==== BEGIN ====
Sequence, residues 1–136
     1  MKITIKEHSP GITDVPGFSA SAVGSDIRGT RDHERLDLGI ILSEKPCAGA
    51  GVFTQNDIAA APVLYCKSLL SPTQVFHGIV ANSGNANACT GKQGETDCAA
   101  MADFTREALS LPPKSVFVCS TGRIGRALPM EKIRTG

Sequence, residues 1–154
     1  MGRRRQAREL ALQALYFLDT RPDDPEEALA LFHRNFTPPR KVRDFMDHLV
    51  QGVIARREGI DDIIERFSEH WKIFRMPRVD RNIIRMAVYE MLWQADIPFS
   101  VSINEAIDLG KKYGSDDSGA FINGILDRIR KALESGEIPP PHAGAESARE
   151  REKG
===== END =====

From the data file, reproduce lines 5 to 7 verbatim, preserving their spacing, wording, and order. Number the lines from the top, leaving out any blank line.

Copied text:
Sequence, residues 1–154
     1  MGRRRQAREL ALQALYFLDT RPDDPEEALA LFHRNFTPPR KVRDFMDHLV
    51  QGVIARREGI DDIIERFSEH WKIFRMPRVD RNIIRMAVYE MLWQADIPFS